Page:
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Wins and Losses Don’t, and Shouldn’t, Define Success

In a blowout game, neither team learns much from it and few players get better during them. In a competitive game, players are forced to play their best because they are playing against kids with similar skills. They might hone learned skills or develop new ones, but they usually always get better, even if that “better” is the result of a failed play, botched technique or a mental error.

In a lopsided win, good coaches don’t run up the score. They put the subs in, run basic plays, and do things they wouldn’t do in a close game. If the team is losing by a lot, the same thing usually happens. By the end of the game, not much has been learned on either sideline, by the coaches or the players.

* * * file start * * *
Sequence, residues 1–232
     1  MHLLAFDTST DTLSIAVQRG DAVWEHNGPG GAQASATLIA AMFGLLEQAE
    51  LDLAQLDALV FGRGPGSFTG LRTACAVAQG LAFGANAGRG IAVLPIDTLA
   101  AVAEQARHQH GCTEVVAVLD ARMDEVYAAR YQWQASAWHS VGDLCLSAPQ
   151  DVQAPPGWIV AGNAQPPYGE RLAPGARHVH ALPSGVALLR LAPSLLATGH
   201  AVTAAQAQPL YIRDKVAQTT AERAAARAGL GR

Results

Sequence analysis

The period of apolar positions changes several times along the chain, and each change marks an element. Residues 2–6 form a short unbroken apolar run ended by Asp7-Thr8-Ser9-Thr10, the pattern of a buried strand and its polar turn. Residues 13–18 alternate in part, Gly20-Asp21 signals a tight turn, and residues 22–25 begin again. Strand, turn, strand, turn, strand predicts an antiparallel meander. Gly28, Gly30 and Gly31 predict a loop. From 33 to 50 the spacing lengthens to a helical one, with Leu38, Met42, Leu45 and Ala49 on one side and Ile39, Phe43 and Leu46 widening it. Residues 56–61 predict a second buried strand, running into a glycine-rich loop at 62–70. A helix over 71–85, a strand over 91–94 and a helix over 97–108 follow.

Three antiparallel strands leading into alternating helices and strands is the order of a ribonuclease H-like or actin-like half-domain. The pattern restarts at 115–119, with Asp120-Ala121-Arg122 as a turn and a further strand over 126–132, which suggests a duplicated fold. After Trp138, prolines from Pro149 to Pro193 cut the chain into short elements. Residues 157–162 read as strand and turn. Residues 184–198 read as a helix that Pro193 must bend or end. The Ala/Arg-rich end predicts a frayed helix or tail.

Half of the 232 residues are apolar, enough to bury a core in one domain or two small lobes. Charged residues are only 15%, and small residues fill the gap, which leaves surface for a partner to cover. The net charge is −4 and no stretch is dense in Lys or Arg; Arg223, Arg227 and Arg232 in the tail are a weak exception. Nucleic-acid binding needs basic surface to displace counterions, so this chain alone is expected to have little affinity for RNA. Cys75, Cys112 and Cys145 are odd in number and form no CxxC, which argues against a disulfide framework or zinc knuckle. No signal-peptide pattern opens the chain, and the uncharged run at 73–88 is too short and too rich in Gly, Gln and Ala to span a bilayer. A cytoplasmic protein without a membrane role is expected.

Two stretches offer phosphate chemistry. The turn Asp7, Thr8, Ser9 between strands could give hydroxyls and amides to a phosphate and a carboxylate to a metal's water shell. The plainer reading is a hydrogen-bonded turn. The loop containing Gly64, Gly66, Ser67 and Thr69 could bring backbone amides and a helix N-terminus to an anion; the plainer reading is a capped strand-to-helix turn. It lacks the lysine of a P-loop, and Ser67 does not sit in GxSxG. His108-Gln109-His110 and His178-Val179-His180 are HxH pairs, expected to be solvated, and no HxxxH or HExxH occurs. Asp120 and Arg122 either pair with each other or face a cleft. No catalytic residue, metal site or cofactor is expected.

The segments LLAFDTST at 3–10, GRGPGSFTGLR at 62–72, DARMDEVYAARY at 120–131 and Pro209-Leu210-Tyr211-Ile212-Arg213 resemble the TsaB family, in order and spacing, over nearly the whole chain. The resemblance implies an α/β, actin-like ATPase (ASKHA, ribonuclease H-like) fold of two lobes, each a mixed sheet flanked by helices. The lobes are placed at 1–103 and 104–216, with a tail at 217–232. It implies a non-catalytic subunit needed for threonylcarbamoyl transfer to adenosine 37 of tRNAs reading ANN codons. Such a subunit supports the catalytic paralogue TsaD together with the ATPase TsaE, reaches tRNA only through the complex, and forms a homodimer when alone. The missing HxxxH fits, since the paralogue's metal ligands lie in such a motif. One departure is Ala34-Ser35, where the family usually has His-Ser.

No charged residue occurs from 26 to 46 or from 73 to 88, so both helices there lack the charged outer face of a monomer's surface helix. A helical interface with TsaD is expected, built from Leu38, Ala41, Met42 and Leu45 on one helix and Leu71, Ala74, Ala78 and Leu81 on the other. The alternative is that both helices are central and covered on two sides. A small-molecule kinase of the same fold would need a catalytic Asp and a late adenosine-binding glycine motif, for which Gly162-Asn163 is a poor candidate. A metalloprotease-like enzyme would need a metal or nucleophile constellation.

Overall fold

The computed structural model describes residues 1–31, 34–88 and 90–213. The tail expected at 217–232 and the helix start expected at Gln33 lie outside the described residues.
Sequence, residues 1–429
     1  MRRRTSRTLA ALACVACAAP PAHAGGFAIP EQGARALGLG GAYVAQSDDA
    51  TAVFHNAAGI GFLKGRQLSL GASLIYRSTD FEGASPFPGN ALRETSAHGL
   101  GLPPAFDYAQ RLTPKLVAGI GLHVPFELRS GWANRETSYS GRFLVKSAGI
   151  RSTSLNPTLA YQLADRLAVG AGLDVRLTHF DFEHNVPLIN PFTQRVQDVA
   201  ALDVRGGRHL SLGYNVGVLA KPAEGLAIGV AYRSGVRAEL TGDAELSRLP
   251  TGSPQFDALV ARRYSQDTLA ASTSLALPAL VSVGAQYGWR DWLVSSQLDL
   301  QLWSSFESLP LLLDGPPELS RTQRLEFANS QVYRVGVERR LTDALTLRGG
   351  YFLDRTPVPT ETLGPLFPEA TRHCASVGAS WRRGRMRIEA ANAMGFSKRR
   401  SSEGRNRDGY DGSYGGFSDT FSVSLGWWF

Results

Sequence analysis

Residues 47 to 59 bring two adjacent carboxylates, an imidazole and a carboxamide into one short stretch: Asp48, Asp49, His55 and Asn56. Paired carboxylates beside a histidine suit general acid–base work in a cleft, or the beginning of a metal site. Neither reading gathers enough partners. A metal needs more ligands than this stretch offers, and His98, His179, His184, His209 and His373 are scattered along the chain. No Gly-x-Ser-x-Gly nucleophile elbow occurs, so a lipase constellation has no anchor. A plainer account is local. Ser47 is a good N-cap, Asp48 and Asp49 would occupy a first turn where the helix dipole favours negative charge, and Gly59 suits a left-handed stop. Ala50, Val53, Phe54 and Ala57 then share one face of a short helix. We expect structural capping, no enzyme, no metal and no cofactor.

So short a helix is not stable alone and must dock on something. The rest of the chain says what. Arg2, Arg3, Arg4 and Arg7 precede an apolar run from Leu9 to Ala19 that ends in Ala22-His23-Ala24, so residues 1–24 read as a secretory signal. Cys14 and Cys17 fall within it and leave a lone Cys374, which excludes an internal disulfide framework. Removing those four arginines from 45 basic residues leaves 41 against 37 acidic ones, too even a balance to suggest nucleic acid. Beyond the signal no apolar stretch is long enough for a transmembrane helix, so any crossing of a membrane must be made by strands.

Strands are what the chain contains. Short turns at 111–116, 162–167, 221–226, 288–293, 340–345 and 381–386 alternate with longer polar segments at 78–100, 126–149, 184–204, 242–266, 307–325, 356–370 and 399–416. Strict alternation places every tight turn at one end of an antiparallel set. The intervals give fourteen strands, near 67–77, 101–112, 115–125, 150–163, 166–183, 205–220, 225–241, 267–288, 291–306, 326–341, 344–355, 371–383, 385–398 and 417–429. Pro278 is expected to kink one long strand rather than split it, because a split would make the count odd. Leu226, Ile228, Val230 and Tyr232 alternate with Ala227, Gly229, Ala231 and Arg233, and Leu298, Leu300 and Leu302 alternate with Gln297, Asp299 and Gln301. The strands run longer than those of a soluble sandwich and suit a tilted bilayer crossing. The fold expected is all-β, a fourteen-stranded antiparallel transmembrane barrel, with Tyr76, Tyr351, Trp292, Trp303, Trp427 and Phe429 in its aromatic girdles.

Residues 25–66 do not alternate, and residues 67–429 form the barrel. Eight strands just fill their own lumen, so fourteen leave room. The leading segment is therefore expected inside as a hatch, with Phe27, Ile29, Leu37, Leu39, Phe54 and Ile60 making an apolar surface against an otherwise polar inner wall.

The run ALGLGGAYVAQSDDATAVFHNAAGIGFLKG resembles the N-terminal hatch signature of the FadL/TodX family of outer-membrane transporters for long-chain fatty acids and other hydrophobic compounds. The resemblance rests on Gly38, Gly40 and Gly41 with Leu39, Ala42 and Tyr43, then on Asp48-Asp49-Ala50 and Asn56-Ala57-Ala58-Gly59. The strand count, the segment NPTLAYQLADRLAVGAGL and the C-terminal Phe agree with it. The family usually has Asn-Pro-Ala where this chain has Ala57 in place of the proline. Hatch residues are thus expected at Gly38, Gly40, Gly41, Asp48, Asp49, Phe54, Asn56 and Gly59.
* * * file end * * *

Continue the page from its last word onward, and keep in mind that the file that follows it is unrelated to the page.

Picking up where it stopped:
In a close game, coaches put players into situations that they know they’ll need to be able to perform in with success during big games, like the playoffs. In blowouts, even if you run the exact same play, the execution, or not, of it is against either much higher- or lower-skilled players. So, the coaching staff really doesn’t learn if their players will be able to handle the same situation in the pressure of a close game.  

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